Thoughtful Thursday: Maus


Last night I was watching a great documentary on Simon Wiesenthal. He was someone I’ve admired for a long time. You know that huge cliche-of-a-question, “What one person, living or dead, would you like to have dinner with?” Simon Wiesenthal would be my pick. I’ve always been fascinated by Holocaust survivor stories, but Wiesenthal’s journey touches me more than most. (I also really like listening to recordings of him speaking German, because he spoke slowly enough that I can understand.) After the war, Wiesenthal devoted his life to hunting down Nazi war criminals, helping bring them to justice. I think he wanted his individual experience to mean something to the world. He felt an overwhelming responsibility to mankind to stand up, to make the life he had somehow been allowed to live count for others.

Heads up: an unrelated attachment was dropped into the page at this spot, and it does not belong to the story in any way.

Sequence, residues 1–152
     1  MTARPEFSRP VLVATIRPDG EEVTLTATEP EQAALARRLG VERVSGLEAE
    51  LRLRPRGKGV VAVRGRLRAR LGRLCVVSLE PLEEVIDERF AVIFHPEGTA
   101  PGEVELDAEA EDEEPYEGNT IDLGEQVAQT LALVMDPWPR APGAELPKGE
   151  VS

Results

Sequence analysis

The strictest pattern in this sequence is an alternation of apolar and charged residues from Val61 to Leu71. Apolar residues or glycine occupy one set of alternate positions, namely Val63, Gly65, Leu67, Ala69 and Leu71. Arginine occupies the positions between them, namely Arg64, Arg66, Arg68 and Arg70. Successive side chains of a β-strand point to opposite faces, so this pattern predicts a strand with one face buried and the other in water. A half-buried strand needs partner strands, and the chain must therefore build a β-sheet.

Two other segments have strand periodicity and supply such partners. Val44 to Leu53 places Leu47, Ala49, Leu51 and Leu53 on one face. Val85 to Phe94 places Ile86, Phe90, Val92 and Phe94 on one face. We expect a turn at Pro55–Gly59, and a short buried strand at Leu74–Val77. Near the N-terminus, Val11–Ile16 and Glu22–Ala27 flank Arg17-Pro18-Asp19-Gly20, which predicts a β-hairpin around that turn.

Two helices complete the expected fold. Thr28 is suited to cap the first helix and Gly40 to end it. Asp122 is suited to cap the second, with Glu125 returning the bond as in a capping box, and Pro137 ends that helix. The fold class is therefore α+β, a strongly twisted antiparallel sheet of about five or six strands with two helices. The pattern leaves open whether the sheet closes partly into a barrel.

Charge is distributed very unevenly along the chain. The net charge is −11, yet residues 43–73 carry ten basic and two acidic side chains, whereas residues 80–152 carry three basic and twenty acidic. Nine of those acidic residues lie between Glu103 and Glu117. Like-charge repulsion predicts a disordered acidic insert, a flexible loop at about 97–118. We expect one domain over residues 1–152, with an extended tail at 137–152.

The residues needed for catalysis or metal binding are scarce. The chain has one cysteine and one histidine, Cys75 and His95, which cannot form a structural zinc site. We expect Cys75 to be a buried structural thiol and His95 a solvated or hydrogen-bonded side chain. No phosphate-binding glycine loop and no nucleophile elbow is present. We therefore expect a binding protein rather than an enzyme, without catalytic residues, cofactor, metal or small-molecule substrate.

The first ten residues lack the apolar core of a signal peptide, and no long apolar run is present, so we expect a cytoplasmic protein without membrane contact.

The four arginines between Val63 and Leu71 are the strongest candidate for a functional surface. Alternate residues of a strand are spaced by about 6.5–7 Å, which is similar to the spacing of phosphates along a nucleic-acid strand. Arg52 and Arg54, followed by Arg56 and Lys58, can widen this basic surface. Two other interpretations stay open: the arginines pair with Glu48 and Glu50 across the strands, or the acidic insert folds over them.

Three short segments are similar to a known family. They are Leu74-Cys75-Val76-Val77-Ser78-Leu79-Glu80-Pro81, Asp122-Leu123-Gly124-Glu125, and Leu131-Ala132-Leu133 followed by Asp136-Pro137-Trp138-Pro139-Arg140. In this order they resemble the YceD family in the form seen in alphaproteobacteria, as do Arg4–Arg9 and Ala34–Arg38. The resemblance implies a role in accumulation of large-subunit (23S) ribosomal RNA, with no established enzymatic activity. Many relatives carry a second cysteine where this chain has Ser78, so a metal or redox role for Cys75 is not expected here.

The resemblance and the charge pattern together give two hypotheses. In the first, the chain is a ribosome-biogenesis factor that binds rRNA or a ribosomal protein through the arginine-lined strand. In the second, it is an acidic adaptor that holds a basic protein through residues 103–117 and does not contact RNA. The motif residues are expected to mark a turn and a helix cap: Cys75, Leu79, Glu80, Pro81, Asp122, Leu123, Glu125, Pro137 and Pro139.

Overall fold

Every time I study something Holocaust related now, I think about the book Maus by Art Spiegelman. Published in two volumes, this is one of the very few graphic novels I can admit to having read in my life. Not that I am opposed to graphic novels — it’s just not a genre I ever became particularly enamored with. Most of the stories don’t interest me. But Maus is one of the most unique works of literature I’ve ever experienced. I loved the choice of format, because the art enhances the story and makes the reader absorb it in a more complete, more emotional way than if it was just words. I read both volumes in one night — couldn’t put them down. I borrowed them from my friend Caro, who introduced me to them. She spent a year studying in Germany, speaks fluently, and is very interested in all things German. I’d love to own my own copy of the set, in case any of you someday need a gift idea. 🙂 The novels depict a son interviewing his Holocaust-survivor father about his experiences during the war. All the characters are mice. It is fascinating.



  1. Jessica said,

    April 9, 2009 at 2:26 pm

    Maus is one of the greats in graphic novels. I happen to adore the genre, but Maus can totally cross genre boundaries.

  2. January 16, 2010 at 1:33 pm

    You should totally check out our blog

    Love the reviews by the way

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